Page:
Risk Factors for Infertility

Approximately 10% of couples have problems becoming pregnant. Infertility is defined as inability to conceive after 12 months of unprotected sexual intercourse. Infertility can be the result of a female factor, a male factor, or a combination of both. The Centers for Disease Control (CDC) reports that 7.5% of men age 45 years and younger have seen a fertility specialist during their lifetime, which is around 4 million men.


Maternal Age

Maternal age is the most important element of fertility. Many women are delaying childbirth until later in life, but the ovaries’ ability to produce healthy eggs declines with age. In addition, older women have an increased risk for chromosomal abnormalities. The chances of a successful pregnancy begins to decrease in the early 30s. As years continue to pass, the rate of fertility decline also increases, with a rapid acceleration around age 37 and an acute fall after 42 years of age. Women age 35 years and older should consider a fertility evaluate after attempting to conceive for six consecutive months.


Maternal Weight

A significant factor for female fertility is weight. Overweight women have a decreased chance for conception and an increased risk of miscarriage. In addition, having a low body weight is also associated with miscarriage and infertility. Our experts recommend that the woman maintain a healthy body weight and live a healthy lifestyle.


Hormone Imbalance

Irregularities in the hormone system are characterized by irregular menstrual cycles, long periods, short periods, or excessively heavy periods. Hormone imbalance also affects ovulation.


Autoimmune Disorders

Certain autoimmune diseases can cause infertility. These include:

  • Rheumatoid arthritis
  • Systemic lupus erythematosus
  • Diabetes mellitus
  • Thyroid disease


Taking Medication

Some medications will cause temporary infertility. These include painkillers, antibiotics, and antidepressants.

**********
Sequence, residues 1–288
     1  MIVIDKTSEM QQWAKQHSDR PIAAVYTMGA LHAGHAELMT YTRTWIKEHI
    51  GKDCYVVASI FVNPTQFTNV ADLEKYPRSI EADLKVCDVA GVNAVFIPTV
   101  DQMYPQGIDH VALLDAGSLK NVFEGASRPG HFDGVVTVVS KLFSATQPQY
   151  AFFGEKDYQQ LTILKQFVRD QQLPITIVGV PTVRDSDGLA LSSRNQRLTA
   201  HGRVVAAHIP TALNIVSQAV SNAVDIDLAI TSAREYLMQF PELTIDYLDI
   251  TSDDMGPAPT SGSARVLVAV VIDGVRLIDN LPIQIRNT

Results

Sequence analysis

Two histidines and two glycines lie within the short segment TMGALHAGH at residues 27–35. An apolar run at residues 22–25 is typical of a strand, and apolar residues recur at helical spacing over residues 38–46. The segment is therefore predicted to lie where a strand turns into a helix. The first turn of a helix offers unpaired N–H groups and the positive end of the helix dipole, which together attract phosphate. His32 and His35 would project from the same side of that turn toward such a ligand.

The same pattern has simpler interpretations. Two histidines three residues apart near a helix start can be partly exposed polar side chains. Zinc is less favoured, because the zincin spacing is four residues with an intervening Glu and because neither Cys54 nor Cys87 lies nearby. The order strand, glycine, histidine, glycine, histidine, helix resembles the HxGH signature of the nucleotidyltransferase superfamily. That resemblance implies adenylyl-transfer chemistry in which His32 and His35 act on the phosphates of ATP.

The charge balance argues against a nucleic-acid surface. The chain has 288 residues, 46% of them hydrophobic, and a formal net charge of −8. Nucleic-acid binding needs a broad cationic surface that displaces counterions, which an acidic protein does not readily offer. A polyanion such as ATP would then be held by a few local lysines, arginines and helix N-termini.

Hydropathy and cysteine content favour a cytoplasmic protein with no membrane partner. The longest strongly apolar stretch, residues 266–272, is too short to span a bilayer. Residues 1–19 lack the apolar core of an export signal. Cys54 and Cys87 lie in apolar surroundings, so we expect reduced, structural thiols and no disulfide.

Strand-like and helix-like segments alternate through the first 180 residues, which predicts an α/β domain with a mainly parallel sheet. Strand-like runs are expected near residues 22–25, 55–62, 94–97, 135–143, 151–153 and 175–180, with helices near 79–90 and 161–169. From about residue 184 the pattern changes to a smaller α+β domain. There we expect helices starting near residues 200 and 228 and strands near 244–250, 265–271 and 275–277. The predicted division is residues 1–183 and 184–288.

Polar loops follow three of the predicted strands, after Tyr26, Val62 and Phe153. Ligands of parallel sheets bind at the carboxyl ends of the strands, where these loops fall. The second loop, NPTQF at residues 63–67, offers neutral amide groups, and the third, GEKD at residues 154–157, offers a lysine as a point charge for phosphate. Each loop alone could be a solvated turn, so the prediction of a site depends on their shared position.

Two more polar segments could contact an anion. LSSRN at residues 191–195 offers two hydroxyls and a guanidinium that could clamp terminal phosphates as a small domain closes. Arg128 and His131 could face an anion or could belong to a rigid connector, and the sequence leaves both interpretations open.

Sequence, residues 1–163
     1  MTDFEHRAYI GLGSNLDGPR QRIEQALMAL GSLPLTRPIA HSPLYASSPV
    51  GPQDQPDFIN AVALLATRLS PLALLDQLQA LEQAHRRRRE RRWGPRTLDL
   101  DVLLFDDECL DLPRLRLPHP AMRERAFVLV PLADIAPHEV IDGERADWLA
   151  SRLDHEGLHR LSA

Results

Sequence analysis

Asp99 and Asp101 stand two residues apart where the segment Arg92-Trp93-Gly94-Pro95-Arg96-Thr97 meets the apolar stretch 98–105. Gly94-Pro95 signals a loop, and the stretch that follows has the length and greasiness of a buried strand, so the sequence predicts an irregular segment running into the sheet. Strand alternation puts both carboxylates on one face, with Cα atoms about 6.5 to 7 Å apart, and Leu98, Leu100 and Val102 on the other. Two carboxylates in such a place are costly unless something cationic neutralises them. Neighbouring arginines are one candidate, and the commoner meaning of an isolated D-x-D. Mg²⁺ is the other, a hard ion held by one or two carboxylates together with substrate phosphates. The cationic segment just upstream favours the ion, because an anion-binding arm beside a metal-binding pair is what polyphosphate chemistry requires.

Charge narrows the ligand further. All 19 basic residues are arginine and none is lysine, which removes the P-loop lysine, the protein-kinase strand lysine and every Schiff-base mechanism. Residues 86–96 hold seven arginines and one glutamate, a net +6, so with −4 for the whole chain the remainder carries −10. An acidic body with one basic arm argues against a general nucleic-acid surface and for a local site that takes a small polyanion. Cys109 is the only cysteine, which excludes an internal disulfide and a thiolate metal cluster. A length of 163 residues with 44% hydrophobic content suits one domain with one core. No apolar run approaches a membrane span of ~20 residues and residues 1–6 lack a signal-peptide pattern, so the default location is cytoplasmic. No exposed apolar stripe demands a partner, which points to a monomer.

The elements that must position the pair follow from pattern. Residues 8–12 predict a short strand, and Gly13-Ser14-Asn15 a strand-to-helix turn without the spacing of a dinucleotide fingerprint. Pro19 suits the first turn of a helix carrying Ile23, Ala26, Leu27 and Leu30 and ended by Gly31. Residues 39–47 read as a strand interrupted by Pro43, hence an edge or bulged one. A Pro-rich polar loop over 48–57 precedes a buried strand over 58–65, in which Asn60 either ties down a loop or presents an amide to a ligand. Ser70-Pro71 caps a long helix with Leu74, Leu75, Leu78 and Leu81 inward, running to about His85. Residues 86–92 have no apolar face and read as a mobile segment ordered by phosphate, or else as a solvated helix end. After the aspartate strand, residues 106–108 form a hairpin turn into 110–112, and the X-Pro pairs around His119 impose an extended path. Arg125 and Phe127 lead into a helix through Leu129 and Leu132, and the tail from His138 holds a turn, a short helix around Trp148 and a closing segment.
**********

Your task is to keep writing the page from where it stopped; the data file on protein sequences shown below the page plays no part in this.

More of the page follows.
Environmental Hazards and Exposures

  • Smoking
  • Excessive alcohol consumption
  • Radiation
  • Chemicals
  • High temperatures
  • Mental stress
  • Heavy electromagnetic or microwave emissions


Fallopian Tube Disease

Approximately 20% of all infertility is related to fallopian tube disease. Inflammation and scarring of the fallopian tubes causes scarring and dysfunction. In addition, pelvic surgery for an ectopic pregnancy or ovarian cyst can result in scarring.



The tissue that lines the uterus is called endometrial tissue. When this tissue grows in other places, it is considered endometriosis. Research shows that endometriosis contributes to 10-25% of female infertility. Scar tissue forms along the reproductive structures with this disease, and endometrial implants (cysts) can prevent the release of the egg form the ovary. In addition, a fertilized egg may not be able to progress along the fallopian tube if endometriosis is present.


Male Infertility Factors

Around 33% of infertility is traced to a male factor, and another 33% is attributed to problems with both partners. Male risk factors include:

  • Smoking – This impairs the sperm’s ability to move.
  • Alcohol use – The quantity and quality of sperm is affected by drinking alcohol, and this leads to low testosterone levels and erectile dysfunction.
  • Illegal drugs – Marijuana and cocaine can both reduce the sperm count and decrease the quality of sperm by around 50%.
  • Prescription drugs – Certain medications for psoriasis and ulcers will slow down or prevent sperm production.
  • Exposure to toxic substances – Hazards on the job and exposure to toxins will impact sperm quality and count. This includes cadmium, lead, mercury, pesticides, hydrocarbons, and radioactivity.
  • Exposing genitals to heat – This includes the use of steam rooms, saunas, whirlpools, and hot baths.
  • Certain medical illnesses and conditions – This includes prostatitis, genital infection, mumps after puberty, surgery on a hernia, undescended testicles, and varicocele.